The Iliad and the Odyssey of Homer – Gods and the Royalty

This article is part 4 of 6 in the series Homer

Consistency and irony

When Odysseus heads towards the city of Ithaca at first in the disguise of a beggar, stray dogs which are unfamiliar with him start barking and attacking him. He is rescued by the swineherd Eumaeus (O. B14). However, on the following day, as he heads towards his palace in disguise, his pet dog Argus identifies its master through smell and sound, even from a distance “….And a dog that lay there raised his head and pricked up his ears, Argus, steadfast Odysseus’s dog….. when he became aware that Odysseus was near, he wagged his tail and dropped both ears, but nearer to his master he had no longer strength to move.” (O. B17. 290-305). The poet brings a contrast in the behaviour of two different sets of dogs – those that were unfamiliar with Odysseus and one which was. Argus, raising his head, pricking his ears and wagging his tail are such natural reactions of a dog when it sees its master. It also shows the poet’s keen observation of animal behavior and attention to detail. Odysseus is unable to react to the dog’s mannerisms, although he is touched when he sees it. He is in the guise of a beggar and ought not betray his real identity. “… Then Odysseus looked aside and wiped away a tear, easily hiding from Eumaeus what he did;…”(O. B17 303-305). He is forced to hide his emotions. Later, the dog, as though holding on its life with hope, just to catch a sight of his master, dies right after seeing him.

An additional irony is that although Eurycleia the maid recognizes Odysseus in disguise by touching the scar on his leg and even the dog Argus recognizes him by smell and sound, his beloved wife Penelope and his father Laertes do not believe in his identity at first. He is forced to prove his identity to his wife by stringing his own bow which lay rusted in the palace. He speaks of their private bed, which was actually an oak-tree converted into a bed by Odysseus himself for their private chamber. This convinces Penelope of his identity. To his father Laertes, he points the trees which he had planted as a young boy under his guidance. This convinces Laertes about his identify. The irony is that when even an old, half-blind maid and a half-dead dog were able to identify Odysseus, he is not recognized by his own family.

An ideal king and a common man’s perspective

The poet shows through the words of a common man how they idolized the ideal king in Odysseus. The swine-herd Eumaeus himself tells the beggar Odysseus, without knowing his true identity –“….For never shall I find a master so kind, however far I go, not though I come again to the house of my father and mother, where at the first I was born, and they reared me themselves. Yet it is not for them that I henceforth mourn so much, eager though I am to behold them with my eyes and to be in my native land; instead, it is longing for Odysseus, who is gone, that seizes me…….” (O. B14, 135-145). The swineherd, who is not a native of Ithaca, longs more to see his own master than to see his native land or his parents. He has waited faithfully for twenty years for the return of his master.

A woman at a grinding mill, whose name the poet does not mention, longs for the return of the brave king Odysseus. She prays to Zeus in these words: “….Fulfill now even for me that word that I shall speak. May the suitors this day for the last and latest time hold their glad feast in the halls of Odysseus….. may they now sup their last…” (O. B20. 112-119)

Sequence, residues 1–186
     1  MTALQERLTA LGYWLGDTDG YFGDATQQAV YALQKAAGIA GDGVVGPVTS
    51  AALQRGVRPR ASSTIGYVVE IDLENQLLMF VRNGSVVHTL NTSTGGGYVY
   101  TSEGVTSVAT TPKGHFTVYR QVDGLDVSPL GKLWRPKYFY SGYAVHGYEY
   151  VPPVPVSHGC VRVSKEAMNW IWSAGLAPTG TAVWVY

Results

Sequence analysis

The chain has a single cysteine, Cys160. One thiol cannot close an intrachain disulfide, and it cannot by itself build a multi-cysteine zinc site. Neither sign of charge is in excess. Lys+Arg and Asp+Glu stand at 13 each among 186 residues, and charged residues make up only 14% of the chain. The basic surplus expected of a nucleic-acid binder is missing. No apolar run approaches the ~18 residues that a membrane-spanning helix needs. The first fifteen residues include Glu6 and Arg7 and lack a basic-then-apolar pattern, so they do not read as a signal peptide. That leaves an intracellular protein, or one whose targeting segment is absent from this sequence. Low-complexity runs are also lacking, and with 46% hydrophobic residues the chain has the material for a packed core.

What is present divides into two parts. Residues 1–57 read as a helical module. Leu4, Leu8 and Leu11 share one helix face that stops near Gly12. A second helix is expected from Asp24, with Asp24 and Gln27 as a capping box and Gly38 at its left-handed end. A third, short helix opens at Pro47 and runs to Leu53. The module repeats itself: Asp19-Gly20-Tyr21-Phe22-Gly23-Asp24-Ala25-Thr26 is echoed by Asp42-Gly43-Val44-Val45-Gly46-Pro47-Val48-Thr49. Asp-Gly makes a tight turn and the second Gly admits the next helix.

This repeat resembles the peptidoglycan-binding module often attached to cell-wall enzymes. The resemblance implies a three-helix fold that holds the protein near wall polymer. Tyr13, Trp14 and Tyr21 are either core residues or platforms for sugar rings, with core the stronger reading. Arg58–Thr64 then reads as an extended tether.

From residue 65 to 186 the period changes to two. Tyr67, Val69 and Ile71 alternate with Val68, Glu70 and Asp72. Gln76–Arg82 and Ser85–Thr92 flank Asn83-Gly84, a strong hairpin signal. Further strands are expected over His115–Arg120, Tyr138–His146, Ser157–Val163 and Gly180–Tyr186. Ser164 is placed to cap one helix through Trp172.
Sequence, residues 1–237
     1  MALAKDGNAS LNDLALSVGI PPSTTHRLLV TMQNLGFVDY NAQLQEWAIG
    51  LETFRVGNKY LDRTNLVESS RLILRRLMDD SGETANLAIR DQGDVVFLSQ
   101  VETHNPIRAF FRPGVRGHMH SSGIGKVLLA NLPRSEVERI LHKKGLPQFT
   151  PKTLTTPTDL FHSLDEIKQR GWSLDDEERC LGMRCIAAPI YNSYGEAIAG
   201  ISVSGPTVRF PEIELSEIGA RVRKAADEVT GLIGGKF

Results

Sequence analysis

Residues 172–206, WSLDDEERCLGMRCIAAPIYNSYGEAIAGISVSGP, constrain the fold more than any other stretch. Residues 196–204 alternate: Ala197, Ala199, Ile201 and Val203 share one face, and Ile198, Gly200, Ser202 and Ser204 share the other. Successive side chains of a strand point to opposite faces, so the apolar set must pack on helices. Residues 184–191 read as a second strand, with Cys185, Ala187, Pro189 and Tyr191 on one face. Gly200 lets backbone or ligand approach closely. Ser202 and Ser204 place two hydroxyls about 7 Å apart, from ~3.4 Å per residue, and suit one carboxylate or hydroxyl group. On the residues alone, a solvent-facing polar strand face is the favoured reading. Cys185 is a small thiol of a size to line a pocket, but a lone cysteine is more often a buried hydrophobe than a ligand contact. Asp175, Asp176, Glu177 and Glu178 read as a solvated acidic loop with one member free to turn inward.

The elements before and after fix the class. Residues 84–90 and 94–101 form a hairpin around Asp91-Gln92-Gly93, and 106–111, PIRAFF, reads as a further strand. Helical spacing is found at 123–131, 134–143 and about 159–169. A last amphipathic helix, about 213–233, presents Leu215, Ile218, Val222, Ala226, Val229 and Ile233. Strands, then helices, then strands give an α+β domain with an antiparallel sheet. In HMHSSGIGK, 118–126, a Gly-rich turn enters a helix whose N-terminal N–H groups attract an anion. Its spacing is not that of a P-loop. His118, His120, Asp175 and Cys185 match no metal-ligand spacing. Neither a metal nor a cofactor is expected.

We see that it is not just the humans, but even the pet dog Argus who longed for his master’s return.

Detailing of a chariot race

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Achilles hosts games in the honour of his dead friend Patroclus. The poet quite literally describes the neck-to-neck competition among the participants: “…. And swiftly then the swift-footed mares of the grandson of Pheres shot to the front, and after them Diomedes’ stallions of the breed of Tros; not far behind were they, but close behind, for they seemed ever about to mount on Eumelus’ chariot, and with their breath his back grew warm and his broad shoulders, for right over him did they lean their heads as they flew along….” (O. B23 373-390) The breath of the horses which are chasing is on the neck of the charioteer who is being chased! The poet shows the proximity and the intensity of the competition in this description. Additionally, it is common in Homer’s works to speak of a person by referring to the lineage he hails from, which helps in establishing the grandeur of the character being spoken of. ‘Agamemnon, the son of Atreus’ and ‘the grandson of Pheres’ as in the current case are common. Even while referring to the Gods or animals, such usage is common – ‘Zeus, the son of Chronus’ and ‘stallions of the breed of Tros’, as in the current example.

Intervention of the Gods: detailing

Gods taking sides in the battles between humans and being jealous of each other is a common theme in the works of Homer. Gods are merely super-human in their power but  are victims of human-like emotions. However, they, too, are subject to the laws of Fate and they too cannot understand the doings of Fate. This was probably another unknown factor, which every Greek feared and believed in superstitiously.